Philippines, Civil Registration, Spanish Period (FamilySearch Historical Records)

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Philippines

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Philippines Civil Registration (Spanish Period), 1706-1911 .
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This article describes a collection of records at FamilySearch.org.
Philippines
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Record Description
Record Type: Civil Registration
Collection years: 1706-1911
Languages: Spanish
Title in the Languages: Filipinas, Registro Civil, período Español
FamilySearch Resources
Related Websites
Archive
National Statistics Office of the Philippines


What is in This Collection?

These records include marriages, and deaths that were recorded in register books in cities or municipalities where they occurred in the years 1706-1911. Only death records are available for the years before 1815.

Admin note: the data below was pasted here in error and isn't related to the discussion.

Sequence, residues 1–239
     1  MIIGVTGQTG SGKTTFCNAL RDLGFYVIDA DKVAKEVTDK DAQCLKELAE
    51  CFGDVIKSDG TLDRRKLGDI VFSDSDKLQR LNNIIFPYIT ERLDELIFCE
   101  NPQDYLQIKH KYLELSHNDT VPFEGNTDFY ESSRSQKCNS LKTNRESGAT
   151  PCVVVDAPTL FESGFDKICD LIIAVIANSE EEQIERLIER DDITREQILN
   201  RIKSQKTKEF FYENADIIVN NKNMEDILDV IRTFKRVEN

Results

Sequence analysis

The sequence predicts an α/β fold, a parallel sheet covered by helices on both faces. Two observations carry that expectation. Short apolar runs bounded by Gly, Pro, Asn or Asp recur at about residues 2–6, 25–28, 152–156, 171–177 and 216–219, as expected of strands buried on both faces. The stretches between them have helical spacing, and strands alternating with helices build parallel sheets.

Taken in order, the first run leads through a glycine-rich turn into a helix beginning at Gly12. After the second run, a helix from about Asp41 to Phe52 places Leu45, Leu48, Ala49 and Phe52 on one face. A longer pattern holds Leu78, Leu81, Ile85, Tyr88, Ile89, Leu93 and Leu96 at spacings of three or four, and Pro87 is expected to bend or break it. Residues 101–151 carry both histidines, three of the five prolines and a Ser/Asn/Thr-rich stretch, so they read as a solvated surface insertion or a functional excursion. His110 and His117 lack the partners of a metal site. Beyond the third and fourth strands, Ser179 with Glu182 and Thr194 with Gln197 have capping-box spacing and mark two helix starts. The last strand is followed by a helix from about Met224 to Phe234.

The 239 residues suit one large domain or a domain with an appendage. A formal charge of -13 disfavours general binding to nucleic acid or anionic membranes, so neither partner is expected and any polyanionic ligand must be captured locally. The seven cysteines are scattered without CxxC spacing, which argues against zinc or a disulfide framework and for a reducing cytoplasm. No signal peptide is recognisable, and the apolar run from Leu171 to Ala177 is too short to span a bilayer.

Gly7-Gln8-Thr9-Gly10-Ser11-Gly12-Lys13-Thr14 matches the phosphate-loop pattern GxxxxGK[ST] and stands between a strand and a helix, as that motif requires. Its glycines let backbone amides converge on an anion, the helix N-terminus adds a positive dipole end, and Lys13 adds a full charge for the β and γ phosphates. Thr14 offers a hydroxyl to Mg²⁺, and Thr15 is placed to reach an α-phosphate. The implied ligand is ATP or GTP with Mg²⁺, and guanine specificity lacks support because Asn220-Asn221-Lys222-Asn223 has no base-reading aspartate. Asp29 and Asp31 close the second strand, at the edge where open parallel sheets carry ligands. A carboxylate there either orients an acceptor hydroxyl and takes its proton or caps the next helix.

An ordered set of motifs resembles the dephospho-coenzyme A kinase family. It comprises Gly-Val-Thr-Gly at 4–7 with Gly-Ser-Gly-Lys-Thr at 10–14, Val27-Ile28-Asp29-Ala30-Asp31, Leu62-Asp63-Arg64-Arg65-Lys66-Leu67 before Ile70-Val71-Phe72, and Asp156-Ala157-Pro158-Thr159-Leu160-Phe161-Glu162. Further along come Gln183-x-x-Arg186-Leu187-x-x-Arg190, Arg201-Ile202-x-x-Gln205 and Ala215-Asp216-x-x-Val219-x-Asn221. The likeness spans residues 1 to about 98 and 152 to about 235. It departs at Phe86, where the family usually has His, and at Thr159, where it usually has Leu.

Civil Registration was introduced in the Philippines by the colonists in 1889 and was based on the Civil Code of Spain. A central statistical office was created at about the same time, requiring pastors to submit to the Central Statistics Office in Manila a detailed account of the events of marriages and deaths that had occurred in their parishes during the previous year.

For a list of records by localities and dates currently published in this collection, select the Browse link from the collection landing page.

Reading These Records

These records are written in Spanish; also see the section For Help Reading These Records for translation helps.

To Browse This Collection